CLIA Statement regarding the Revised Strategy for Reduction of GHG from International Shipping agreed to by International Maritime Organization (IMO) Member States

“Cruise Lines International Association (CLIA) congratulates IMO Member States on agreeing to an ambitious Revised Strategy for Reduction of GHG from International Shipping on 7 July 2023.

Cruise lines are at the forefront of developing innovative environmental technologies and practices aimed at reducing emissions and are investing in the development of sustainable marine fuels and environmental technologies. With every new ship comes new technologies and greater efficiencies that make them more sustainable. The Revised Strategy agreed to at the IMO sends a strong signal to markets and fuel suppliers that should provide the new technologies and alternative fuels needed in order for the maritime sector to do its part in achieving net zero GHG emissions by or around 2050 consistent with the Revised Strategy.

Although sustainable marine fuels and technologies are not yet available at scale, cruise lines are addressing these challenges with significant investments, innovative approaches, and systems designed to help the cruise sector transition to low- and zero-carbon fuels. Multiple pilot projects and collaborative initiatives are underway, and new engines and propulsion technologies are actively being planned and tested for use on cruise ships.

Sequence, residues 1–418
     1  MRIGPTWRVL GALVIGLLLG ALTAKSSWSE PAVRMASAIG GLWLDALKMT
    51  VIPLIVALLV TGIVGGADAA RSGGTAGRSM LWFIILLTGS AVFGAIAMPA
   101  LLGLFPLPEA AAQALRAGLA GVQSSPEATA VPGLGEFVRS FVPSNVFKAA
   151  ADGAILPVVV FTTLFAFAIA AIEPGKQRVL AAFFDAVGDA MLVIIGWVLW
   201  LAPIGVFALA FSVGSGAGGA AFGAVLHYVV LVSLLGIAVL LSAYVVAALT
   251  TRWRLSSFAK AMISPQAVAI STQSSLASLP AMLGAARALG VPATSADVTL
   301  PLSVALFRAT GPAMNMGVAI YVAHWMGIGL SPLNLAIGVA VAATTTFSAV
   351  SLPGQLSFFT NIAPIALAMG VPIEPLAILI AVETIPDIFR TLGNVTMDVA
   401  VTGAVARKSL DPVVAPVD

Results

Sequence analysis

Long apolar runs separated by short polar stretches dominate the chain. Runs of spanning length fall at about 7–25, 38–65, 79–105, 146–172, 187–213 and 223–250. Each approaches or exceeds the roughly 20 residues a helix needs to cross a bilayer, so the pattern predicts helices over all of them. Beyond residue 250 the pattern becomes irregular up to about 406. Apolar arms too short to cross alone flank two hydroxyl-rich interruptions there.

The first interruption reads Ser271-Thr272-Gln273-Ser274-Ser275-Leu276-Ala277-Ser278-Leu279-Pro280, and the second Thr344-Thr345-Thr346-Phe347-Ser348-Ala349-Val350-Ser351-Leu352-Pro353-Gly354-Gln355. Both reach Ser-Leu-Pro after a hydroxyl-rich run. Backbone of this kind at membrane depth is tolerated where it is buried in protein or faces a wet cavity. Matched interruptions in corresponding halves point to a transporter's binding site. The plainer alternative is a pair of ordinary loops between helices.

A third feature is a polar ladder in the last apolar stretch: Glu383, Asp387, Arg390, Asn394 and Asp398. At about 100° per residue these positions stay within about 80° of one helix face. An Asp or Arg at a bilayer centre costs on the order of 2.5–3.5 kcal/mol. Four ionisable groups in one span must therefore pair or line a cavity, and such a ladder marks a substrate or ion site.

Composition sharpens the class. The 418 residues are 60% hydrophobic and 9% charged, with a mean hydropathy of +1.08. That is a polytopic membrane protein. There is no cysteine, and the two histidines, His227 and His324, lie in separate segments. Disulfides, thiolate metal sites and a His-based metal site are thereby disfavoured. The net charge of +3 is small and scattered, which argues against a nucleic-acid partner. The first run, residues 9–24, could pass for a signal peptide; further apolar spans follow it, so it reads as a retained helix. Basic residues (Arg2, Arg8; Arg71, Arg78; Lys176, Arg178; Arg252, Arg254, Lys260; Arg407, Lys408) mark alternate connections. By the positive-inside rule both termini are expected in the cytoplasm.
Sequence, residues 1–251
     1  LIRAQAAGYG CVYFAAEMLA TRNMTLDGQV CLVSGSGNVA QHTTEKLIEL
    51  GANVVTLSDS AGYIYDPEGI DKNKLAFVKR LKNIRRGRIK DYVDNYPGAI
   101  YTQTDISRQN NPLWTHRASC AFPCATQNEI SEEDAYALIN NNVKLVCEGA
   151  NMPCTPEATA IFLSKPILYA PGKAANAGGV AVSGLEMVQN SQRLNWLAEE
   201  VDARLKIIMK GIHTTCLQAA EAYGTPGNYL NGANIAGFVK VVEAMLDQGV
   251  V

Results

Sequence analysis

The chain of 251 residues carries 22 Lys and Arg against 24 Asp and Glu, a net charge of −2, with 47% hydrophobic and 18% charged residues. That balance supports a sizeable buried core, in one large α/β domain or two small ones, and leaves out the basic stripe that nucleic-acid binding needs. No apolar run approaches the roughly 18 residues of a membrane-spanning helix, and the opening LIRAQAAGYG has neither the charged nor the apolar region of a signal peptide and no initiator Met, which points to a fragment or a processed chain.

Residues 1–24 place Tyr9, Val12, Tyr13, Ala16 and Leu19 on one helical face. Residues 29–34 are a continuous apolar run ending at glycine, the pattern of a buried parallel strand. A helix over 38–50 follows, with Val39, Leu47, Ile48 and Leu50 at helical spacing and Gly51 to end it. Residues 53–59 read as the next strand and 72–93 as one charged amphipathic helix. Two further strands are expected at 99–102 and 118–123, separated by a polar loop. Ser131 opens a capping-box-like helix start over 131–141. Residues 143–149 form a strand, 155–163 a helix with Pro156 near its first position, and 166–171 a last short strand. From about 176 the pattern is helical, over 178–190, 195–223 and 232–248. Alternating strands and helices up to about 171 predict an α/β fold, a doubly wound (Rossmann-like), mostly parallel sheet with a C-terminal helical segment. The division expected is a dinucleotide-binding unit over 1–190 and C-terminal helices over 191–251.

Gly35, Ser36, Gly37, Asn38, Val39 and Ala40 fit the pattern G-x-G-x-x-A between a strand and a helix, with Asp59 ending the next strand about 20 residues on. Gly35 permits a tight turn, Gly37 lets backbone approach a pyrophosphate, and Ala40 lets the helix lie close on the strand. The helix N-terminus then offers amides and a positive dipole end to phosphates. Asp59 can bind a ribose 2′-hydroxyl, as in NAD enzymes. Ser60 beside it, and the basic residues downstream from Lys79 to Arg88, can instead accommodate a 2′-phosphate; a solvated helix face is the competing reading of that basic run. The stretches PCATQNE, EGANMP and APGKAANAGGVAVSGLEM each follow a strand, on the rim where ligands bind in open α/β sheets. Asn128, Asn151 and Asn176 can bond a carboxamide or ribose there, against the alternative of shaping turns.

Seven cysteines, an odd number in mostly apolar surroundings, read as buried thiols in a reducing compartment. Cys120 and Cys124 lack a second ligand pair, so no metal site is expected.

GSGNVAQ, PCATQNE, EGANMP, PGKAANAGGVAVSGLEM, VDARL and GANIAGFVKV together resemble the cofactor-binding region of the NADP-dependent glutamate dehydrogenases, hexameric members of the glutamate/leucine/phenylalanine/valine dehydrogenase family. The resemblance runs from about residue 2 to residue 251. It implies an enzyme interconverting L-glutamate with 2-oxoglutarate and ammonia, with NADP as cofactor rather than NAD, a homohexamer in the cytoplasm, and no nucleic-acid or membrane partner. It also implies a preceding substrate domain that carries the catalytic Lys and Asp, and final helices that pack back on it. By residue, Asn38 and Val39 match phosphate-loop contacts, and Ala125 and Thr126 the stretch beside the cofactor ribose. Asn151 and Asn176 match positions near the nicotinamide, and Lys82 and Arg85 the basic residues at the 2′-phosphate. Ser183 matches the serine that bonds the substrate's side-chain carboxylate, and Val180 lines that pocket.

Cruise lines are preparing for and embracing new technologies, innovations, and the uptake of alternative fuels as they become available. One example is battery technology, which can help to ensure engines and fuel cells operate at their most efficient and can supply short periods of zero-emissions power. More than 15% of cruise ships entering service in the next five years are specified to be equipped with fuel cells or battery storage to allow for hybrid power generation once the technology is available.

Additional information and examples:

> Trialing includes exploring the expanded use of biofuels (already in use on four ships), synthetic carbon fuels, and electric batteries, hydrogen fuel cells, and methanol fuel cells.

> Near-term solutions, which are currently being tested on ships, are offered by sustainable biofuels – namely, advanced biofuels (using non-food biomass), including bio-methanol and biomethane.

> Medium-term options being explored include synthetic e-fuels like e-methane and e-methanol. The first ships incorporating methanol are scheduled to be delivered in 2024. Seven ships incorporating methanol are due to be launched by CLIA members during the next five years.”